Equally Shared Parenting - Half the Work ... All the Fun

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Here's where we keep you updated on news about parenting as it relates to division of responsibilities, career versus home decisions, work/life balance, and legislative and grass-roots movements toward equality or better choices for families. We'll also throw in our opinions of life as equal parents in a nonequal world, regardless of what's in the news.

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Equality Blog

Wednesday, June 16, 2010

Fabulous Sweden

Many of you may have read the fascinating piece in the NY Times last week entitled In Sweden, Men Can Have It All.  If you haven't, it is worth the click!  Because, in a nutshell, it is about a whole society that is purposefully built to embrace gender equality - and equally shared parenting.  Let me share with you what I took from the article...

In a country where 85% of fathers take paternity leave, a new definition of masculinity is taking hold.  Men who balance fathering with work are more attractive than those who leave the home duties to their children's mothers.  Household cleaning product advertisements no longer feature only women.  And two full months of Sweden's generous 13 month paid parental leave must be given to fathers...or forfeited altogether.  What's more, there is a political push to extend this to a full four months come September.

How has this all been possible for the companies that have to fund all of this time off, and cover for the men who are home while still turning a profit?  With an even playing field throughout the country, they have managed amazingly well.  For every man who takes his time off, a woman could go back to work for that time period.  And state sponsorship sure helps.  Companies are even finding that their job flexibility ratings work in their favor, as more and more workers of both genders come to expect such flexibility and employers who can provide it can get the best pick of recruits.  Leave time often allows companies to test out future employees on a short-term basis, as well, as they cover for those who are out at home.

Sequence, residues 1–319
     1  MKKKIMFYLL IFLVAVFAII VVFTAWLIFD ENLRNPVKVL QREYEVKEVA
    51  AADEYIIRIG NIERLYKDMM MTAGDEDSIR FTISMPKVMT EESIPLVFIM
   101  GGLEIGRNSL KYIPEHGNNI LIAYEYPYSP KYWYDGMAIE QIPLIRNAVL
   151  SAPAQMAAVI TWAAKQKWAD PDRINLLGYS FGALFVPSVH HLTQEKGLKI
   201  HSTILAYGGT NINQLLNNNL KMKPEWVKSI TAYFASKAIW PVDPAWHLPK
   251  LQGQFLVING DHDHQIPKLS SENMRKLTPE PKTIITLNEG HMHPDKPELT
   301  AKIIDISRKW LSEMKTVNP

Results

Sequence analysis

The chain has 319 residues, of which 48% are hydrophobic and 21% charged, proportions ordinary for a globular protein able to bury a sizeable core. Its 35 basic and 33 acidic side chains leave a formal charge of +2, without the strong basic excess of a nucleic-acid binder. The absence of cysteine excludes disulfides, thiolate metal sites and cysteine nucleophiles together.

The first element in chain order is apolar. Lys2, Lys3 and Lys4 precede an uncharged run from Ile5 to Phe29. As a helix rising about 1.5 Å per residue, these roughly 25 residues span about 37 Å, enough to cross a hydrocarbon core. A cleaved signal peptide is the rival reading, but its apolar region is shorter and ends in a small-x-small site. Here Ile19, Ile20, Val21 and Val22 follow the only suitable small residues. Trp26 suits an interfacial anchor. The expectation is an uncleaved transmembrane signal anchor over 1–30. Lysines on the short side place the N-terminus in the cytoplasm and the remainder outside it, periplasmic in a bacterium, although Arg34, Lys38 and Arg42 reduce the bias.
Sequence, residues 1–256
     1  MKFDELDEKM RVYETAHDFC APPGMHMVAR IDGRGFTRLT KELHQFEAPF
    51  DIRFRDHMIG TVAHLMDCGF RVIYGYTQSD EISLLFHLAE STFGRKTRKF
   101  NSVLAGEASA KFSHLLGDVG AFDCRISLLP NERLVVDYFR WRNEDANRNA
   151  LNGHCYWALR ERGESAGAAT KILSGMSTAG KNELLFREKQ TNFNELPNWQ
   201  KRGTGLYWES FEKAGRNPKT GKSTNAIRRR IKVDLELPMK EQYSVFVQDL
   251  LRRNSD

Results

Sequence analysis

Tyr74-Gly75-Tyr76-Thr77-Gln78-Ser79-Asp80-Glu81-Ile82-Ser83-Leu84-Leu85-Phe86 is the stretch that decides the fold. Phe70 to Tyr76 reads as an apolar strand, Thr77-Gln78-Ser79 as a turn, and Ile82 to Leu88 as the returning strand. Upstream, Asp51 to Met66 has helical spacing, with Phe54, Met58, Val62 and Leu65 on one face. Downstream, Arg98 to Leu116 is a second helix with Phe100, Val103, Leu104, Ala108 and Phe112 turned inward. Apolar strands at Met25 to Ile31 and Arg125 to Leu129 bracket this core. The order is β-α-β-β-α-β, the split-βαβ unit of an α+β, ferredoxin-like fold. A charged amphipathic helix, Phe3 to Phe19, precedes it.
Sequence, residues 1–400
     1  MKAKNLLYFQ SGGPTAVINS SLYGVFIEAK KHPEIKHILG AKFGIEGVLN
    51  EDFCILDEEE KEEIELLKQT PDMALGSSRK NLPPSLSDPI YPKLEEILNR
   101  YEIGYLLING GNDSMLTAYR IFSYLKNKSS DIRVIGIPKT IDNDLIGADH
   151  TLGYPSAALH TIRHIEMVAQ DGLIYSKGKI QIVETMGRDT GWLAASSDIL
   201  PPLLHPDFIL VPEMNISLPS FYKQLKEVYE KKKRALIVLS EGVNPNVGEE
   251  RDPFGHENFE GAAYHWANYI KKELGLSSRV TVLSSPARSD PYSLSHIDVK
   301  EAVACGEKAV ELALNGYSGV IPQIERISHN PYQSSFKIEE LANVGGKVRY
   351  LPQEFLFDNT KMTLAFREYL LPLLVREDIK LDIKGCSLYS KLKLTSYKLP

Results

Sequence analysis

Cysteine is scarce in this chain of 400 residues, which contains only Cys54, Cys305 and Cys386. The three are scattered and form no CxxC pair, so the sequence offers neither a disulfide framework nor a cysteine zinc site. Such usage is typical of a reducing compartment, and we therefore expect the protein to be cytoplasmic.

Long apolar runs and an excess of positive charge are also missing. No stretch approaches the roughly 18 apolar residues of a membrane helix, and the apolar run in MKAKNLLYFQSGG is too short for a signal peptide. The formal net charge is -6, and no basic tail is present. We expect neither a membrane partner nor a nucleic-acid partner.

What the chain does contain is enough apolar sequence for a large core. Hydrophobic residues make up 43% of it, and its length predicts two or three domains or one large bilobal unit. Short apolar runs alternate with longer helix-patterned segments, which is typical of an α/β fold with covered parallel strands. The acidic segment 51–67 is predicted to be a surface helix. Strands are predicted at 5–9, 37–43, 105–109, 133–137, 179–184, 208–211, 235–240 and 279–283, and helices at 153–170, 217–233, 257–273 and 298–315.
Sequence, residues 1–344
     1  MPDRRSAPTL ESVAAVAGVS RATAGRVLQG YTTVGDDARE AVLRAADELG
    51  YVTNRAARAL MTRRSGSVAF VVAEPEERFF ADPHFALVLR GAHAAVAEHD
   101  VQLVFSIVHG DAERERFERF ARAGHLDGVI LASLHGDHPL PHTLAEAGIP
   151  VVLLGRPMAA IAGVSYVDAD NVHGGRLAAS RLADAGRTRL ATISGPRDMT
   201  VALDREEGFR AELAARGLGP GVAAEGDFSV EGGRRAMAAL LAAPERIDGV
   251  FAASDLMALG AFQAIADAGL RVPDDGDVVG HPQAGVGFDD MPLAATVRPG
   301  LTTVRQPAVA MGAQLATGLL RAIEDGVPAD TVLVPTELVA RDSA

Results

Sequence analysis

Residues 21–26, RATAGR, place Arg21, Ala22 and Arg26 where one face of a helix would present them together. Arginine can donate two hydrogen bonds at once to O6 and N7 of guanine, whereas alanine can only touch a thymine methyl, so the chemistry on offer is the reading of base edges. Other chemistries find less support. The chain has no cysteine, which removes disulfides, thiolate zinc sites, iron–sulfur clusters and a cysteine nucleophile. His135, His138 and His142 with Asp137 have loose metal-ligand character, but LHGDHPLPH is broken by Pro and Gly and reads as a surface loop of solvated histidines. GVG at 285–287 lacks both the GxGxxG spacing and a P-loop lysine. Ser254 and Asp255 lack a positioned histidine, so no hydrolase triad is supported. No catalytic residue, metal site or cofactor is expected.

Divorce and separation rates are down, shared custody is up, and women's paychecks are flourishing. Sweden's gender-equal policies also allow both parents to request reduced hours rather than simply chunks of time solely at home.  They can, for example, both elect to work 6-hour days until their children enter school (doesn't that sound like a wonderful balance?).

The Swedish system has not always been smooth and successful.  In the beginning, it allowed parents themselves to choose how they would divide up the full parental leave time - resulting in essentially the opposite of what thought leaders hoped to achieve.  Women took the majority of this time, further reducing their career and earnings capacity, while men soared ahead in their careers and left their childraising skills to languish.  Enter the use-it-or-lose-it genius of today, and gender equality has hit a tipping point that makes it a generally normal state of affairs.  In other words, making equally shared parenting a socially easy path to take.  The lesson, as Sweden's deputy prime minister says, is: "The only way to achieve equality in society is to achieve equality in the home."

Equality is not yet achieved in every Swedish home, however.  Women still take the majority of the leave time, and handle more of the childraising and household tasks. But the early adopters of full-out ESP are out there in mainstream view - those couples who share the leave time about evenly and switch off their time at home so neither parent becomes the family manager and both can share the joy along with way.

Of course, there are plenty of early adopters right here in the US too, where policies are not so magically geared towards our priorities, but we refuse to settle for lives that don't make sense to us and find ways to make ESP happen anyway.  All of this Sweden stuff does make me drool, however...and wish for a little visit to the Arctic Circle.


Blogger Unknown said...

A few years back I had the opportunity to spend 6 weeks in Sweden for work, and was amazed at just how well everything is set up over there and quite a bit jealous. The thing that I found to be really great about the leave time, is that amongst my colleagues at least, it was never a question whether someone was going to take it. It was just the norm. The other great thing about it is that you don't necessarily have to take it all right when the child is born. I forget the exact rules, but I believe you have up until the child is nine or ten to finish taking it. Every parent that I know who was on the extended leave over there came back so refreshed.

9:04 PM  

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